Deaf

Missionary Spotlight Update: Doc and Dee Douglas*

You’ve probably heard the term “heart language.” It describes the mother tongue of a people group through which communication flows freely and clearly. For the Deaf in the United States, it is “heard” through the hands of American Sign Language.

Until recently, no theological education using this optimal mode of communication was available to prepare Deaf Southern Baptist believers for mission service with the International Mission Board (IMB).

Missions Field of Many Languages for California Missionary

In his missions field, California missionary Howard Burkhart is often surrounded by people whose language he can’t always understand. That one daunting fact hasn’t stopped him from founding churches among 21 different language groups for the past 3 decades.

In 1984, Burkhart signed on with the North American Mission Board, then called the Home Mission Board, as the state missionary for Deaf people. His wife, a high school teacher for Deaf students in Southern California, taught him sign language. For 16 years, Burkhart worked with hearing-impaired people, all the while learning.

“Deaf people don’t expect everyone to learn their language,” he said. “They do expect to be treated as peers and as equals.”

Further, Burkhart said, hearing-impaired individuals have just as much right to pursue God’s call in their lives as anyone else.

“It has been extremely rewarding to have helped start several Deaf churches and trained Deaf pastors and leaders,” he said. “To see them fulfill God’s calling in their life and to see the impact they have made has been rewarding and fulfilling.”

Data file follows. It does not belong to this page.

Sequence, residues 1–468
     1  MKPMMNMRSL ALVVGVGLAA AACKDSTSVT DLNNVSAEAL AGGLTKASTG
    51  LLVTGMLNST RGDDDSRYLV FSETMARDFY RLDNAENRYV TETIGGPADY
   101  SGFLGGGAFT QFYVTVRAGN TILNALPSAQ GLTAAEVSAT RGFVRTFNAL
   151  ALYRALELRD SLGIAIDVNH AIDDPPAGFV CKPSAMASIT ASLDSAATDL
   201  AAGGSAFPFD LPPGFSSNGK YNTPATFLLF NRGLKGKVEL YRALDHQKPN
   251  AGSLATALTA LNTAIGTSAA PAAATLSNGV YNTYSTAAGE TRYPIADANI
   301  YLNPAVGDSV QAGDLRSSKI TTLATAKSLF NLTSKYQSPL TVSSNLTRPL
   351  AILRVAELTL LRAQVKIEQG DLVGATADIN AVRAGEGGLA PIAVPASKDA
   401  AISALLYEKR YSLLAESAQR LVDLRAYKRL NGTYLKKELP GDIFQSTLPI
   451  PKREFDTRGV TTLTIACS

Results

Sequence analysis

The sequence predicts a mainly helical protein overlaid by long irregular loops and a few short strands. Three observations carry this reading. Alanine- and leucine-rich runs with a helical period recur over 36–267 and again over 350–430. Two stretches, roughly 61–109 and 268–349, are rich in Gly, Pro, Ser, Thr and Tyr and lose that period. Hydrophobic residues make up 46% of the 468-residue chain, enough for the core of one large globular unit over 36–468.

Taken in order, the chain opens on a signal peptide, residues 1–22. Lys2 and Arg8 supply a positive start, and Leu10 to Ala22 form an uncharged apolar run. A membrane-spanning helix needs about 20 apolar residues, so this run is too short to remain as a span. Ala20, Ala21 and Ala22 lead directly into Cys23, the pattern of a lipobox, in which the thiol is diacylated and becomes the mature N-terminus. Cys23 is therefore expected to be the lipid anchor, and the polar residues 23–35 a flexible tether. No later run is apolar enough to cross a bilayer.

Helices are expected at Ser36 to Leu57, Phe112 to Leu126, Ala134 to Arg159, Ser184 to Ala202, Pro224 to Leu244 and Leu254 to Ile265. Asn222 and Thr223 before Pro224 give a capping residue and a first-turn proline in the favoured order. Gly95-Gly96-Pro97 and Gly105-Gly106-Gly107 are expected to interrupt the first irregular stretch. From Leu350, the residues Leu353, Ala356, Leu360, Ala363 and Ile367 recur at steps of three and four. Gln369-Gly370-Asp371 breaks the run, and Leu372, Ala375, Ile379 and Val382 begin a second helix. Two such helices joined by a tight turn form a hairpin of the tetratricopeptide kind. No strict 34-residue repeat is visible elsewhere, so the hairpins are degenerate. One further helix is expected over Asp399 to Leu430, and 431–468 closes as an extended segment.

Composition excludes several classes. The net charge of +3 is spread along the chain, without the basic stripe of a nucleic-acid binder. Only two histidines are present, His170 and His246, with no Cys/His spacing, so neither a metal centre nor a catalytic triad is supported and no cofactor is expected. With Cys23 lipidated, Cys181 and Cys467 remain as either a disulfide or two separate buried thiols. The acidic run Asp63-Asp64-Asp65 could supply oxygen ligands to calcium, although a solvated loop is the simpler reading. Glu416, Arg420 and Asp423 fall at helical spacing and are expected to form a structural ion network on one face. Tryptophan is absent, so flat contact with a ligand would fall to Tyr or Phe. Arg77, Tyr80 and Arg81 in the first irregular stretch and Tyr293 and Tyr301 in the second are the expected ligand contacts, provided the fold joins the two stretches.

Preschool Missions Focus

International Deaf Ministry

 

Mission Friends is an ongoing missions discipleship organization for preschool boys and girls (birth through kindergarten). Through Mission Friends, preschoolers . . .

  • become aware that God wants everyone to know of His love
  • move from a focus on self to a focus on others
  • apply Bible thoughts to their lives as they learn to pray, give, and help others.
  • and their families learn of ways to give their time, talents, and money

Learn more about this month's missionary below.

Getting “Out of the Box” to Reach the Deaf

Deaf pastor and church planter John Wyble and his wife, Denise, serve the Deaf community through 2 Deaf congregations in Virginia. They use American Sign Language to communicate God’s message of redemption.

What are some of the challenges you face in reaching the Deaf and how do you deal with those?

John: We have to overcome the walls built up through worldly lifestyles. We have found through years of ministry that building relationships is crucial. By living a righteous and compassionate example, we are ready to share the gospel when the right time comes. One example is when deaf ladies at our church host a women’s retreat on the beach. They will pay the way for unsaved friends. They were thrilled when the unsaved woman Denise sponsored became a believer.

What are some of the ways your churches serve the community?

This Month in Children's Missions

WMU coordinates the missions curriculum for Children in Action, Girls in Action, and Royal Ambassadors (WMU's gender specific missions organizations for children). Each month, children focus on the same missionaries and missions emphases. While learning activities and teaching materials are specifically tailored to meet each organization's needs, coordinated curriculum enhances joint experiences when appropriate. 

Read below for October and November ideas.

 


October 2017 Ideas


October: Fingerspelling Names!

Though languages like American Sign Language use signs rather than fingerspelling words, fingerspelling is still a way to communicate. Here’s a website that shows a fingerspelling chart: asl.ms/()/fingerspellingchart.htm.

Back to Top